Notre Dame Law student Delaney Foreman participates in an exercise at the Department of Psychology's Virtual Reality Lab.
On a Monday evening this past April, a class of Notre Dame Law students headed up to the fourth floor of Corbett Family Hall to witness a car crash.
They saw one car turn right at an intersection while an oncoming car’s tires began to screech. The impact happened quickly, accompanied by the sounds of crunching metal and shattering glass.
No one was hurt. It was just a simulation — an animated lesson made possible through a collaboration among the Law School, OIT’s Teaching & Learning Technologies team, and the Virtual Reality Lab in the Department of Psychology. The point was to show law students how eyewitness accounts can be shaped by factors such as where the viewer is standing and the ways that questions are worded.
The exercise was part of a Notre Dame Law School course called Law Practice and Technology, taught by Thomas Mills, associate dean and director of the Kresge Law Library, and research librarian Joseph Nugent ’17 J.D.
The course provides students with opportunities to use new technology that courts and attorneys are adopting. For example, students learn about making redactions in PDFs, law-practice management software such as Clio, and software for trial presentations. The course also encourages students to consider the ethical issues that can arise with new technology.
“Thirty-six states now have the requirement for technology competence,” Mills said. “It’s now more important than ever that students gain these skills.”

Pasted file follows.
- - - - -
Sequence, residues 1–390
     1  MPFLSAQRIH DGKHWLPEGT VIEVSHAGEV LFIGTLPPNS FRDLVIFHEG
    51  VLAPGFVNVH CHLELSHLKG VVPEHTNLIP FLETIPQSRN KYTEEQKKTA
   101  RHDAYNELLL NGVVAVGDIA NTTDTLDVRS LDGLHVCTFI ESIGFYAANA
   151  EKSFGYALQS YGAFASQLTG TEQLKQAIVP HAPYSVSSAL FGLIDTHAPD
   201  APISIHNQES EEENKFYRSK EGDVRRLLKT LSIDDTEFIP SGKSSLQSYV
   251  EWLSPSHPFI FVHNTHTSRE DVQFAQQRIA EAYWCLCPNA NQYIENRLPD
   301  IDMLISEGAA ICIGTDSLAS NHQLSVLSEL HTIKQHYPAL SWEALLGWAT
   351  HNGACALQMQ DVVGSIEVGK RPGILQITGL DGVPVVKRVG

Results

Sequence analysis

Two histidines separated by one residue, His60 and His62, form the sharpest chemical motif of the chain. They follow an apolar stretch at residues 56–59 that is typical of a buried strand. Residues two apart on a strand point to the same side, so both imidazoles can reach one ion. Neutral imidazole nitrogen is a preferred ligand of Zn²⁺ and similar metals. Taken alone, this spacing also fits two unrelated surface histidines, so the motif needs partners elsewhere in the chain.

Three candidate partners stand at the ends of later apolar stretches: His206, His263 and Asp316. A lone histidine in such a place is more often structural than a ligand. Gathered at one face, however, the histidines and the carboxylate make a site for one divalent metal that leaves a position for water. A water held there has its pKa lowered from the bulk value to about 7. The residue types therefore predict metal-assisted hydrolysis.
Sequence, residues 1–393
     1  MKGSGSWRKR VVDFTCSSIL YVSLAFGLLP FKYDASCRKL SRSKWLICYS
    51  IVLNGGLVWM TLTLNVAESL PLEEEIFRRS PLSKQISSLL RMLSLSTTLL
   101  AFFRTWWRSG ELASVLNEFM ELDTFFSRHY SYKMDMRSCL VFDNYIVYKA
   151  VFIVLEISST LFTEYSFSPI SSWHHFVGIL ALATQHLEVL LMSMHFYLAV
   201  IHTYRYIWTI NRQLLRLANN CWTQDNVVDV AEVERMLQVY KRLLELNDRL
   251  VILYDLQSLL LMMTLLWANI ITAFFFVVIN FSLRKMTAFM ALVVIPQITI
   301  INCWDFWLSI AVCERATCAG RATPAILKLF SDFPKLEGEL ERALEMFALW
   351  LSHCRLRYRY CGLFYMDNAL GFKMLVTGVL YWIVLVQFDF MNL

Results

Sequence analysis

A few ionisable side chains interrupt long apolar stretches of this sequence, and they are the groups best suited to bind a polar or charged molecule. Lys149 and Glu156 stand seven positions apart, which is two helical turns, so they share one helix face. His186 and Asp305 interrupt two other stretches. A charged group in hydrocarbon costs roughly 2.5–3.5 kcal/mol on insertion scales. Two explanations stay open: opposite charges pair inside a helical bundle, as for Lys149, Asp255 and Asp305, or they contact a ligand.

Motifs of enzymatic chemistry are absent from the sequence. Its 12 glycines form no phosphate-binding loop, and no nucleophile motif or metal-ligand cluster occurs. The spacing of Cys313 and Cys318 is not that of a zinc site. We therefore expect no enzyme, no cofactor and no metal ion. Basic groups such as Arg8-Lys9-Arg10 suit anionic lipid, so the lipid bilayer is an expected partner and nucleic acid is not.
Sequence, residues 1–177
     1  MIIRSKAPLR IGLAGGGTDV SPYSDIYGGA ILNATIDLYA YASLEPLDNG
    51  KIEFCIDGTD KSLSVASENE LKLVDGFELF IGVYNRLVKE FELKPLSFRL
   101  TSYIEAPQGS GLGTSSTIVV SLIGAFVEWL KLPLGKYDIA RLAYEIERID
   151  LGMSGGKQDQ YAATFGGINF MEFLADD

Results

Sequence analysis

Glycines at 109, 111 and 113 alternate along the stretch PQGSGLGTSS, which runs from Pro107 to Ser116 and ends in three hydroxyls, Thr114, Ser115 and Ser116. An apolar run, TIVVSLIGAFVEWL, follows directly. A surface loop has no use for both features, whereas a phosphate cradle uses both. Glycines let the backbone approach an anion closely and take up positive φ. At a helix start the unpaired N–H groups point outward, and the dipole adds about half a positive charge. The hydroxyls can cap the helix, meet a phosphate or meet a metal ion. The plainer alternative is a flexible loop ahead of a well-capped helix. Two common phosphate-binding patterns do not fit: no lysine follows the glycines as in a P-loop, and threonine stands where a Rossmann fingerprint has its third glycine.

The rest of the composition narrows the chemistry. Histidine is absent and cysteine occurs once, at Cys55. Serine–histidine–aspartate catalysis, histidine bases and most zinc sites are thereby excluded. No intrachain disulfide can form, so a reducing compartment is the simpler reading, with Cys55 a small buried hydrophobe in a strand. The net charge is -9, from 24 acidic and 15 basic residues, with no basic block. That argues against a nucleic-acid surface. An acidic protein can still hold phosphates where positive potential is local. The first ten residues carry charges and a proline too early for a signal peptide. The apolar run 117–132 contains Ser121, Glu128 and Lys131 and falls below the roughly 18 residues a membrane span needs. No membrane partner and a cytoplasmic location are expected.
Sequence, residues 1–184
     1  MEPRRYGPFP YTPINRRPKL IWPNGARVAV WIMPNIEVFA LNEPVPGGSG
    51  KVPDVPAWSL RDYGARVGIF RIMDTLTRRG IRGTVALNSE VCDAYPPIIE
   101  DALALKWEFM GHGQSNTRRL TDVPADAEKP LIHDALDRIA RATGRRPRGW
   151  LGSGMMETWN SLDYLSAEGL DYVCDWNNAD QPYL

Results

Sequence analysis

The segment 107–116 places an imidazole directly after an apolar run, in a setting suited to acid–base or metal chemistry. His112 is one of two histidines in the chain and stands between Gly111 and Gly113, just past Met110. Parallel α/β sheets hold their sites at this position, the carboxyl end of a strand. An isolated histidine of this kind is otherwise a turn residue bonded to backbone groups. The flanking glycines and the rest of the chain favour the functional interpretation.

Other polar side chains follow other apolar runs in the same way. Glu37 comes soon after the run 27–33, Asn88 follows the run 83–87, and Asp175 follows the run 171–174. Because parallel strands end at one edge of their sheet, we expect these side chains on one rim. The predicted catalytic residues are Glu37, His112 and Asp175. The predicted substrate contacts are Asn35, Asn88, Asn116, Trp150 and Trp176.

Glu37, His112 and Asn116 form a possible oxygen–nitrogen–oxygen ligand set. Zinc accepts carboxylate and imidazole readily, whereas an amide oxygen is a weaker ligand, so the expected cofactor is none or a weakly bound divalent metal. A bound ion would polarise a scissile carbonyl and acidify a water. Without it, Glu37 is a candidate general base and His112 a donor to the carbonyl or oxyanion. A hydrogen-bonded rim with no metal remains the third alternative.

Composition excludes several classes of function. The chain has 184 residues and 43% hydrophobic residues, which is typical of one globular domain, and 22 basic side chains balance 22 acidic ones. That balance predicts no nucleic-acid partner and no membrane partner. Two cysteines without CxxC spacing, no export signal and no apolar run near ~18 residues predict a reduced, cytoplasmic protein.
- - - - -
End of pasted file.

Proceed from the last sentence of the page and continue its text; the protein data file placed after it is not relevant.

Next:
About half of the law students in the course during the spring semester said the exercise was their first experience with virtual reality.
Rosa Kim, right, an undergraduate computer science major, assists Notre Dame Law student Courtney Seitz in the Department of Psychology's Virtual Reality Lab.
Rosa Kim, an undergraduate computer science major and member of Notre Dame’s Class of 2020, built the simulation with different views of the collision. The law students wore a virtual reality headset and earphones to see and hear the crash.
Half of the students watched the incident from one vantage point, and the other half watched it from another vantage point. Then they answered questions in a survey that asked which driver was at fault, how fast the vehicles were traveling, and whether the intersection had a yield sign or a stop sign.
Nathan Rose, left, the William P. and Hazel B. White Collegiate Chair in the Department of Psychology, and Kael Kanczuzewski, academic technology professional, talk with Notre Dame Law students.
After every student completed the survey, Nathan Rose, the William P. and Hazel B. White Collegiate Chair in the Department of Psychology, revealed that some of the law students received surveys with slightly different questions. For example, some surveys asked how fast the car was traveling when it “bumped” into the other car, while the other surveys used the word “smashed” — a subtle difference that made respondents more likely to estimate that the oncoming vehicle was speeding.
“Memory is a reconstructive process, pieced together from what you recall,” Rose said. “It can be influenced by word choice in questions or subtle points of misinformation.”
Delaney Foreman took Law Practice and Technology as a second-year law student during the spring 2019 semester.
“Virtual reality is increasingly being implemented in the legal field,” Foreman said. “The simulation we experienced demonstrated how each party could present their version of reality, thereby impacting how a jury or judge could perceive the facts. While VR is intended to lessen room for interpretation or confusion, it has the potential for manipulation. The collaboration between departments gave us law students a firsthand look into the importance of explicit and implicit assumptions built into the VR simulation and survey. It was a really interesting lesson on ethical considerations within technology.”